THE SNP and the Greens have begun “formal negotiations” around forming a coalition to run the council in Scotland’s capital city.

Edinburgh’s councillors have been in political deadlock since the local elections on May 5, with no party winning enough seats to command a majority on the 63-seat council.

The SNP were the largest party, winning 19 seats, but Labour’s 13 candidates ruled out any deal, despite the parties having jointly run the council before the vote.

As talks continued, the LibDems’ 12 councillors also ruled out a deal with the SNP. The Tories, who had a terrible election, falling into fifth place with only nine seats, will also not work with the party.

READ MORE: SNP and Greens strike deal to run Glasgow council in landmark agreement

The Greens returned 10 councillors, their best ever result in Edinburgh, and have said they share a “good amount of similar policy” with the SNP to allow talks to begin.

The two pro-independence parties combined would still only have a minority administration, falling three seats short of the 32 needed for a majority.

However, given Scottish Labour leader Anas Sarwar’s “no coalitions” rhetoric, a joint administration of the three Unionist parties seems unworkable.

Adam McVey (below), the SNP group chief and previous leader of Edinburgh Council, said: “I am happy to say the SNP Group has begun formal negotiations with Green colleagues with the aim to form a coalition.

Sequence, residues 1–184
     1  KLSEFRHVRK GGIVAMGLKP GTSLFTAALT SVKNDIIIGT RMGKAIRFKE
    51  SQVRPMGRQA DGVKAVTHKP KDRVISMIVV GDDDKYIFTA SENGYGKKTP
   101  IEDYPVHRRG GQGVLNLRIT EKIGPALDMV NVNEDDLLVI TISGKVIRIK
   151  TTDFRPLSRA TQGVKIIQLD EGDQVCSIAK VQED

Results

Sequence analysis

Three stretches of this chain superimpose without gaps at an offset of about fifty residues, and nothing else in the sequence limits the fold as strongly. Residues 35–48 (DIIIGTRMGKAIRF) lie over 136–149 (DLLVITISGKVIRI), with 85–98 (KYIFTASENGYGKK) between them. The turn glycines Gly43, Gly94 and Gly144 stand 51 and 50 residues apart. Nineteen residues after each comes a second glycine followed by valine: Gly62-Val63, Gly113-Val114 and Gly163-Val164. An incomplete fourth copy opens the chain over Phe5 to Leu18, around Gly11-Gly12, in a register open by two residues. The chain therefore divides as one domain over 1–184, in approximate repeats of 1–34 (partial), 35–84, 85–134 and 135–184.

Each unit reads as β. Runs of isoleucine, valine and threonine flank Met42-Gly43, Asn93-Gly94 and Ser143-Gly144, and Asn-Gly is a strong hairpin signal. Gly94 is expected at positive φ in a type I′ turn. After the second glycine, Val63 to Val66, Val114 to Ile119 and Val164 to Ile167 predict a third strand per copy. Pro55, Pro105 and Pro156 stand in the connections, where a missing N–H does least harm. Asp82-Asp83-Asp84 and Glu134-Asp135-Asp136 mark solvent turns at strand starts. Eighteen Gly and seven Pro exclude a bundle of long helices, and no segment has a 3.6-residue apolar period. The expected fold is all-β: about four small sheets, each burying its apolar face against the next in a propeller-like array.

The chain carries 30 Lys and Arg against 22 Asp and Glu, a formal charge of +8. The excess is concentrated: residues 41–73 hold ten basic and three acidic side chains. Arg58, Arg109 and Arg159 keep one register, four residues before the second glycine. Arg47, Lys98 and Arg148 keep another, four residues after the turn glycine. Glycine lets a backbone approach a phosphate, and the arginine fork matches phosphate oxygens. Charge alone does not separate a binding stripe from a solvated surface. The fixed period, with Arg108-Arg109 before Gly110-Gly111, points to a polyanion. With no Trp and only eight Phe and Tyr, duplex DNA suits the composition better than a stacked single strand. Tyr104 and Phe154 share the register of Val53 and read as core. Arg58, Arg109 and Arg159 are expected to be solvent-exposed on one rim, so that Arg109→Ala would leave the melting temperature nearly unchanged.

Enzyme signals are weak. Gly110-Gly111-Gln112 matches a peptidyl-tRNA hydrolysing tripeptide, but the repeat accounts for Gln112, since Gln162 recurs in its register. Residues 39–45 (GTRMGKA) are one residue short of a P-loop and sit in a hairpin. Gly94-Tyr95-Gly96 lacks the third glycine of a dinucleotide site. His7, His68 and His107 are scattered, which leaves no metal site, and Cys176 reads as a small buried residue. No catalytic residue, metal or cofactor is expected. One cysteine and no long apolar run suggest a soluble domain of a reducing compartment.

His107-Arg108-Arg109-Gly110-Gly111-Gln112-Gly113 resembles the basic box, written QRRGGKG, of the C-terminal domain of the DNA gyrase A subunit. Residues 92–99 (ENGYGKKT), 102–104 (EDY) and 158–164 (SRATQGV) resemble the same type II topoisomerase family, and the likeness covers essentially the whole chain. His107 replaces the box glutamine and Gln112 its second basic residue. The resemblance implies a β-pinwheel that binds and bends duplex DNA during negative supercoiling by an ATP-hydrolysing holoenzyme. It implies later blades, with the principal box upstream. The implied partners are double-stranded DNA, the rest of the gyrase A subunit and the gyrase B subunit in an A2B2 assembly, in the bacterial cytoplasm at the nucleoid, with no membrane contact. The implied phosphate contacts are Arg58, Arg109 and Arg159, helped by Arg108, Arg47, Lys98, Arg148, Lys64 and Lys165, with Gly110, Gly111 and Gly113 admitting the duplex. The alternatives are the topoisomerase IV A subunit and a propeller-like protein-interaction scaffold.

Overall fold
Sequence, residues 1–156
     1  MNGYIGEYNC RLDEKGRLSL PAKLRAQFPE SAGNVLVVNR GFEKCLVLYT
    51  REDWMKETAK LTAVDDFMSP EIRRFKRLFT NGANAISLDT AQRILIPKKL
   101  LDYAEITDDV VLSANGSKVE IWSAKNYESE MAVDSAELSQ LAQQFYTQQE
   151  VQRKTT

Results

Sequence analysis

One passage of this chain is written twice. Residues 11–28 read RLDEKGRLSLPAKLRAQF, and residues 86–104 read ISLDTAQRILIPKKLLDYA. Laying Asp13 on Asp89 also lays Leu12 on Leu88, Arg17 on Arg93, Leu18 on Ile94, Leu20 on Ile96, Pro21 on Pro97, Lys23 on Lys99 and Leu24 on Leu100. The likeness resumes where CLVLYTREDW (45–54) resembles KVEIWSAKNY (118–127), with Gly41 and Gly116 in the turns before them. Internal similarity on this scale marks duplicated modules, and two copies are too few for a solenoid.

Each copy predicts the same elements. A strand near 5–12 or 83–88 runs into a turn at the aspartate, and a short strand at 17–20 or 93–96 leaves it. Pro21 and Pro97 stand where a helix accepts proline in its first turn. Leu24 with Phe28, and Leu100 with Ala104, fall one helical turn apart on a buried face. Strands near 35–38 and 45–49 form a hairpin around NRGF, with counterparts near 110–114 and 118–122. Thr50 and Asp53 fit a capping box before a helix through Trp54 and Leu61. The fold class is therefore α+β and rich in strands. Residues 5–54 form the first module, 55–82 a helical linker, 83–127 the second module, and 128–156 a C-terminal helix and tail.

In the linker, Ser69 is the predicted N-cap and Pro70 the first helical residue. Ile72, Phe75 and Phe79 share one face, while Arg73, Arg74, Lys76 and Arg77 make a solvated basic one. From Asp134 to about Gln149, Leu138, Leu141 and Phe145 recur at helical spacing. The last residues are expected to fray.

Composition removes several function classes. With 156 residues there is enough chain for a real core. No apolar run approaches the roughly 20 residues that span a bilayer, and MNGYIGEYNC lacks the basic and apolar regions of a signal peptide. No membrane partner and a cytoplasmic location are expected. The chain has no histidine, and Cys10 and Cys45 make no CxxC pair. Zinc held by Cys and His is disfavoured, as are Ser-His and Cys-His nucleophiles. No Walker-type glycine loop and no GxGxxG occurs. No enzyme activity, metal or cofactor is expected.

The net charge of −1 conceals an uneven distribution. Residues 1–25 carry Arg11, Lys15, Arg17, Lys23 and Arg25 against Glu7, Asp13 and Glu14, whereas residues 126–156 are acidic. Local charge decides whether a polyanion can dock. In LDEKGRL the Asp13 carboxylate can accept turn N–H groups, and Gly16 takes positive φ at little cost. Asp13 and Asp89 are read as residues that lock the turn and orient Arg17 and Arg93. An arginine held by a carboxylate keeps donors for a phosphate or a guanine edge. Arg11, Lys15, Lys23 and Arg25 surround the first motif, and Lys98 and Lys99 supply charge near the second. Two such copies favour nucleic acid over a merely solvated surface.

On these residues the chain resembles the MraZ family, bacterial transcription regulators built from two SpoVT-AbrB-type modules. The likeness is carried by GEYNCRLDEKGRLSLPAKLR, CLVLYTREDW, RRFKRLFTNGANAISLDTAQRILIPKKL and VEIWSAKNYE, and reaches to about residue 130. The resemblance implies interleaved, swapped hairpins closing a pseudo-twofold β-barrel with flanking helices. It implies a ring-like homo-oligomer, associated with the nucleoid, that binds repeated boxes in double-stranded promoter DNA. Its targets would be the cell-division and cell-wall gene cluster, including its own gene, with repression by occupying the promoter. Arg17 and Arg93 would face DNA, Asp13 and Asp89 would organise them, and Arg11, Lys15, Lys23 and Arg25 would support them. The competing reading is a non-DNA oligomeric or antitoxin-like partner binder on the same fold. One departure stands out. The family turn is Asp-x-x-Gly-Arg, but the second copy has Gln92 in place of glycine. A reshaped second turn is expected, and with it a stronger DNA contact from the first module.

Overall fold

The National:

“The election saw the SNP returned as by far the biggest party and there is broad support for the progressive ideas we have to take Edinburgh forward.

“The SNP and Green groups are having constructive discussions about how we can work together to implement the policies that we campaigned for and that our residents voted for. These meetings have been positive and focused on the further progress we can deliver for Edinburgh.

“We believe this coalition gives Edinburgh the best way forward to tackle climate, fight poverty and improve the core services we all depend on.

“The city deserves clear and strong leadership and I am confident we can provide that. We look forward to continuing discussions with Green councillors to explore how we can make sure the capital has a fair and successful future.”

Interim Green group co-convener Steve Burgess also released a statement on Tuesday evening.

He said: “There is a good amount of similar policy in both our election manifestos that could result in a greener and fairer Edinburgh.

"There are also areas such as action on the climate emergency, transport, housing and equalities where Greens would like to see the council go much further. That’s what we are keen to talk with the SNP councillors about this week to see if we can reach agreement on a programme that will benefit the city.

“Any such agreement would also have to be approved by the individual members of the Edinburgh Greens and we’re looking forward to sharing more details with our members soon.”

The news comes after the SNP and Greens struck a deal in Glasgow. The agreement won’t see the Greens enter administration, instead letting the SNP run the council as a minority.

However, the smaller party negotiated key positions for its councillors in return for its support to form an administration.